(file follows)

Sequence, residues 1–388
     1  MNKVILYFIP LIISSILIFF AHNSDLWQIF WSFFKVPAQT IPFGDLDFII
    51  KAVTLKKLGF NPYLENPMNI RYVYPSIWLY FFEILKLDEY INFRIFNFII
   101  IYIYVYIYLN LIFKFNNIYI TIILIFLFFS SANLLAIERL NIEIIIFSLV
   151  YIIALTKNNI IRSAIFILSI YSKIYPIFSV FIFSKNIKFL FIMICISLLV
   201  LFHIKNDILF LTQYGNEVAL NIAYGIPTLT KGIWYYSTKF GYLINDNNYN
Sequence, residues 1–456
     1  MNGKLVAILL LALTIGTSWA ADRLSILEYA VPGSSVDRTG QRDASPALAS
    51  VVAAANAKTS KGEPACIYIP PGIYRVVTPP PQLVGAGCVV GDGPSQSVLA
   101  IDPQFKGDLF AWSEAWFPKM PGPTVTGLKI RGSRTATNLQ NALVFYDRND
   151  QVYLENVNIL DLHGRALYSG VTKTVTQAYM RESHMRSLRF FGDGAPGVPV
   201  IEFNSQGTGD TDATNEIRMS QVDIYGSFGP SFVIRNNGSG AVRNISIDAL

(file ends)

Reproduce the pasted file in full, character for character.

Sequence, residues 1–388
     1  MNKVILYFIP LIISSILIFF AHNSDLWQIF WSFFKVPAQT IPFGDLDFII
    51  KAVTLKKLGF NPYLENPMNI RYVYPSIWLY FFEILKLDEY INFRIFNFII
   101  IYIYVYIYLN LIFKFNNIYI TIILIFLFFS SANLLAIERL NIEIIIFSLV
   151  YIIALTKNNI IRSAIFILSI YSKIYPIFSV FIFSKNIKFL FIMICISLLV
   201  LFHIKNDILF LTQYGNEVAL NIAYGIPTLT KGIWYYSTKF GYLINDNNYN
Sequence, residues 1–456
     1  MNGKLVAILL LALTIGTSWA ADRLSILEYA VPGSSVDRTG QRDASPALAS
    51  VVAAANAKTS KGEPACIYIP PGIYRVVTPP PQLVGAGCVV GDGPSQSVLA
   101  IDPQFKGDLF AWSEAWFPKM PGPTVTGLKI RGSRTATNLQ NALVFYDRND
   151  QVYLENVNIL DLHGRALYSG VTKTVTQAYM RESHMRSLRF FGDGAPGVPV
   201  IEFNSQGTGD TDATNEIRMS QVDIYGSFGP SFVIRNNGSG AVRNISIDAL